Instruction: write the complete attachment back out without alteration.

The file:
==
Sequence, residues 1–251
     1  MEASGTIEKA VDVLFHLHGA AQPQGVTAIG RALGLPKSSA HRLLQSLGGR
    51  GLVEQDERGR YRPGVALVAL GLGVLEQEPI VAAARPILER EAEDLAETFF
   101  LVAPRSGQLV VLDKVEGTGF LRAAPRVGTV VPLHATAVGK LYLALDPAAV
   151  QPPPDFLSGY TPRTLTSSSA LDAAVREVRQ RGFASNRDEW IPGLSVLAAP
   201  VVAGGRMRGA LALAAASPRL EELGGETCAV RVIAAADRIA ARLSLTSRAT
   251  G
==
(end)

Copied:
Sequence, residues 1–251
     1  MEASGTIEKA VDVLFHLHGA AQPQGVTAIG RALGLPKSSA HRLLQSLGGR
    51  GLVEQDERGR YRPGVALVAL GLGVLEQEPI VAAARPILER EAEDLAETFF
   101  LVAPRSGQLV VLDKVEGTGF LRAAPRVGTV VPLHATAVGK LYLALDPAAV
   151  QPPPDFLSGY TPRTLTSSSA LDAAVREVRQ RGFASNRDEW IPGLSVLAAP
   201  VVAGGRMRGA LALAAASPRL EELGGETCAV RVIAAADRIA ARLSLTSRAT
   251  G